There’s a chicken and egg issue with digital disruption. Making decisions based on numbers instead of gut instinct is recognized to be a superior approach in many situations, but before you can get to decision-making, people have to be able to use things like AI and machine learning. Humans are not naturals when it comes to numbers; thinking back to high school algebra is all it takes to convince most of us.
Humans are really good at things like relationships and reading faces. So there should be a natural association between providing crunched numbers to customer-facing employees and their use. But before you can expect employees to take on thinking with numbers more than they ever have, it’s got to be dead solid easy to crunch the numbers and deliver their meaning. For much of the AI universe so far that crunching and delivery has been focused on things involving a next best algorithm. Next best offer in sales perhaps, or next best service solution in customer service. But there’s a lot more we can do.
Salesforce delivers Einstein analytics for a broader audience
Today, Salesforce announced four new products based on Einstein, its analytics engine, that are designed to spread analytics to more parts of an organization and to enable more types of employees to work with the tools. All introductions support clicks or code thus enabling admins and developers to access functionality according to their skill levels. Briefly the introductions include,
- Einstein Translation which enables admins and developers to set up automatic language translation. If a user enters data in a different language the system instantly converts to that language. There was no statement, however, about how many languages are initially supported. The product is in pilot so look for more information later.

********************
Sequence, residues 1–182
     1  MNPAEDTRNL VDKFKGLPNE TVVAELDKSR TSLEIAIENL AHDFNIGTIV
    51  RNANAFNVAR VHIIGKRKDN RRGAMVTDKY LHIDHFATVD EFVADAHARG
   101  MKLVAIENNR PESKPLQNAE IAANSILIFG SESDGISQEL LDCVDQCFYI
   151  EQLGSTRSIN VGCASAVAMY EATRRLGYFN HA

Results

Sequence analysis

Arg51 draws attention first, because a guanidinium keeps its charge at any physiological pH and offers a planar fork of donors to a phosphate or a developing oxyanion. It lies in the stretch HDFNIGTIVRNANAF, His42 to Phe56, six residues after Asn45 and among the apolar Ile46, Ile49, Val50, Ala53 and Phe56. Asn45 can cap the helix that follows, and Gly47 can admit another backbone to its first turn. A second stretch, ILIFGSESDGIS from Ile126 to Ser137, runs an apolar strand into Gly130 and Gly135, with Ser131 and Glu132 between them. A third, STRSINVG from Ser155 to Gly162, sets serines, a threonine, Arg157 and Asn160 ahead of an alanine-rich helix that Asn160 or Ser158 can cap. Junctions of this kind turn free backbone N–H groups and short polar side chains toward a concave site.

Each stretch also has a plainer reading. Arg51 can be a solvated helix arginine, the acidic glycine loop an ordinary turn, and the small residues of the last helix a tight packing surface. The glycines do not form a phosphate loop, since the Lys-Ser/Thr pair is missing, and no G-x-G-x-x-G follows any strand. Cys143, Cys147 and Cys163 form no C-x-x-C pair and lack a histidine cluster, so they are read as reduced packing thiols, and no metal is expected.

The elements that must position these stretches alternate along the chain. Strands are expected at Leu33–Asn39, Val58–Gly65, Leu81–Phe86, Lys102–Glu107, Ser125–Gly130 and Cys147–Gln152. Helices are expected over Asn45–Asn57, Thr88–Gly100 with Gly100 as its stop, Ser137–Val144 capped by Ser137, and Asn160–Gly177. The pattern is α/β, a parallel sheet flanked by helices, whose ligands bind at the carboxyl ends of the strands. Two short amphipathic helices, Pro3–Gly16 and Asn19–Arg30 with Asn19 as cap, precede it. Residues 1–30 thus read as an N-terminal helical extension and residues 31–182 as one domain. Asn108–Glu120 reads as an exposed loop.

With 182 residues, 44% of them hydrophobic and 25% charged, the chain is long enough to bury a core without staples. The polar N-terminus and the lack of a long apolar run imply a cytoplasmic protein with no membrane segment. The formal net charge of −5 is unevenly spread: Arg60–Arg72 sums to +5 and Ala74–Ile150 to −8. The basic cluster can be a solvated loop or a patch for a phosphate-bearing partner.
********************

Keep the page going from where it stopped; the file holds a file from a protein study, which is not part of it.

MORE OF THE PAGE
- Einstein Optical Character Recognition (OCR). OCR has been around a long time because it works and is an important part of scraping usable data off documents. Initially Salesforce sees this as a way to streamline data entry. Also in pilot.
- Einstein Prediction Builder enables admins and developers to build AI models for apps running on the Salesforce platform with a declarative setup tool. Generally available.
- Einstein Predictions Service enables admins to embed Einstein AI analytics into third party systems like ERP or HR. Also generally available.
In a move that seems like a commentary on the troubles that social media companies are having, Salesforce also restated its commitment to its core values, especially trust in this case. The company went out of its way to state that its AI products are transparent, responsible and accountable. For instance, the system provides users with justifications for predictions based on which factors influence a prediction. Also, protected fields warn of potential bias in datasets with pop-up alerts. And Model Metrics evaluate the accuracy and performance of AI models. If only things like this were available in social media.
My two bits
A few years ago, when sales analytics were the only analytics game in town, I remember some emerging vendors telling me it was hard to get customers to use their tools to develop their own unique analyses. They were happy to use all of the reports that came with the tool out of the box though, which led to delivering a large number.
In my experience this rang true because sales veterans (and I am one) seem highly attached to their unique approaches. At the time I thought that asking them to develop their own analyses was akin to asking a fish to invent fire. In the years since, I discovered that sales people were not unique. So making analytics’ use as easy as possible is a pre-requisite for getting on with a company’s digital disruption.
Clicks and code, the two approaches Salesforce emphasized in this announcement are not out of the ordinary for most things the company enables. They want to reach the broadest audience possible for their solutions and that’s good. But it has extra importance at the intersection of digital disruption and analytics.